This is my first HDR shot, with a variety of other manipulations, briefly discussed below.
|Highway 21, Idaho. Click for larger image.|
Here are two of the four shots that formed the basis for the HDR. This is the under-exposed and over-exposed versions (middle-exposure not illustrated). The spread was 1-1/3 stops between each for a total of 2-2/3rds.
A grey-card was used to set the middle exposure and this was a mistake, given the sunset (see this article: Using a Grey Card). The grey-card perfectly exposed the bridge, but with sunsets, you should underexpose more than normal to bring out the colors. Even with the bracket, the low-exposure was not low enough and the sky still washed out. The scene also lacks contrast. However, if you look at the high-exposure, there were few shadows to be found and I'm not sure I could do better.
I did not use the camera's built-in HDR, wanting more control over the merge process and, in the end, four separate shots were used, as opposed to the normal three. With PaintShop Pro X4, I blended three shots for the HDR, choosing one of the options called "LocalTone" -- this gave the image a slightly-contrasty black-and-white feel, which you can see in the bottom half of the image. Next, I made a separate HDR, choosing more normal colors and using a bunch of trickery, overlayed the bridge and sky over the first HDR. This became the final image. The image took several hours to edit, with attention to details that probably weren't necessary.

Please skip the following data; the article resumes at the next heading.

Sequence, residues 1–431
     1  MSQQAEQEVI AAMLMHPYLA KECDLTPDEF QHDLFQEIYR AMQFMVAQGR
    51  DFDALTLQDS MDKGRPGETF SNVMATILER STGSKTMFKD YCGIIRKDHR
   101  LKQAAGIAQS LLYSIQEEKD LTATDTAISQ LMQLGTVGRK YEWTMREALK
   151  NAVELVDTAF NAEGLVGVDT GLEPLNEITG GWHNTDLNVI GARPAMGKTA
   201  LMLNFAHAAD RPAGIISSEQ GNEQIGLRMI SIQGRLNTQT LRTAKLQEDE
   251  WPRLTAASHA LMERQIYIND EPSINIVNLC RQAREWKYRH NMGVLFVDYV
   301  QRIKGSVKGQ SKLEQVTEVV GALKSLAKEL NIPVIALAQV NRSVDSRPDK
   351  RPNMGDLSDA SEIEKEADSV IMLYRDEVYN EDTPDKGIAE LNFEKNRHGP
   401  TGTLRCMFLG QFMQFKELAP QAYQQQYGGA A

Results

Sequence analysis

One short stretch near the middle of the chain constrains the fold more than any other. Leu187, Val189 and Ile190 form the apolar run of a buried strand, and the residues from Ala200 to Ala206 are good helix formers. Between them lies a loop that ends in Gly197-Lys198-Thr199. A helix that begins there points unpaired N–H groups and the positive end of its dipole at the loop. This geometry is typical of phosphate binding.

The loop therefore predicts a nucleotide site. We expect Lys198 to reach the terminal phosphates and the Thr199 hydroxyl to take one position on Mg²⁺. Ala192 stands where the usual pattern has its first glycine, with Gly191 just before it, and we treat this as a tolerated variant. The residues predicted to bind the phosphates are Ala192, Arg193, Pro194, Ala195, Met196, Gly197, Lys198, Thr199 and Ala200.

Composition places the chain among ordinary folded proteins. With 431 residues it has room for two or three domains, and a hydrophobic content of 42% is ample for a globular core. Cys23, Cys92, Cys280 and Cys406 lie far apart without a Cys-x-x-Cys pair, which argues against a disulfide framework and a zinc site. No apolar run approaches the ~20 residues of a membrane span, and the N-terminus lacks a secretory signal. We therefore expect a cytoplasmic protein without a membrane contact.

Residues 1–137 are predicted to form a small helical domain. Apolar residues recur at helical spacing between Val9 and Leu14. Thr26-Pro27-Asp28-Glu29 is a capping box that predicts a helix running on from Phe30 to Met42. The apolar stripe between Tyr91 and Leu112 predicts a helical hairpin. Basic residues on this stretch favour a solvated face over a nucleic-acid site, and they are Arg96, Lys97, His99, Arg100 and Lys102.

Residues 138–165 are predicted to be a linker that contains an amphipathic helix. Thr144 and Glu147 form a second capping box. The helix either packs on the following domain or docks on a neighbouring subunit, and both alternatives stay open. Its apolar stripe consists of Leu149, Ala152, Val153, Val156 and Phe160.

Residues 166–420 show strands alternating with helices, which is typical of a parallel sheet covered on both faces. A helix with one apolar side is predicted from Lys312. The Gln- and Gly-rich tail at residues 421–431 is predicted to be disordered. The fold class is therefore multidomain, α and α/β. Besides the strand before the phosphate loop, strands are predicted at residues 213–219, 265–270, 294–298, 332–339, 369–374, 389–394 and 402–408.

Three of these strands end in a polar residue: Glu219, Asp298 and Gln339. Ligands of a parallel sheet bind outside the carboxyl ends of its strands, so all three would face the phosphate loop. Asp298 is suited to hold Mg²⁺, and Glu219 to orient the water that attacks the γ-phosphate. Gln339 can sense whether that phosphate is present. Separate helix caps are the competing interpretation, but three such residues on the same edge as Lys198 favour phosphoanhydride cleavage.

This scene deserves to be photographed again, for a lot of reasons. To begin, even with the sunset, the sky was uneventful and in the winter, everything was grey. The other issue was we arrived about 10-seconds before sunset, giving my friend and I only a few minutes to work. It was dark before we could explore other compositions.
The other problem was operational. I am still used to film cameras. Did I bother previewing images on the LCD to check the exposure? Nope. And for a few moments I had to fiddle with the new Nikon camera's exposure compensation controls. Mixing bracketing and exposure compensation got confusing. Lessons learned. On the plus side, I had the White Balance set to daylight, purely by accident, because I forgot to check. Fortunately, this was exactly what it should have been.
Later this spring, when the grass is green and the trees have leaves, I'll mount a second expedition to the same location and we'll approach the bridge from a few different angles.
HDR Techniques for Stanley Forest Burn
NewPort Baya (Yaquina Bay Bridge)
Using an 18% Grey Card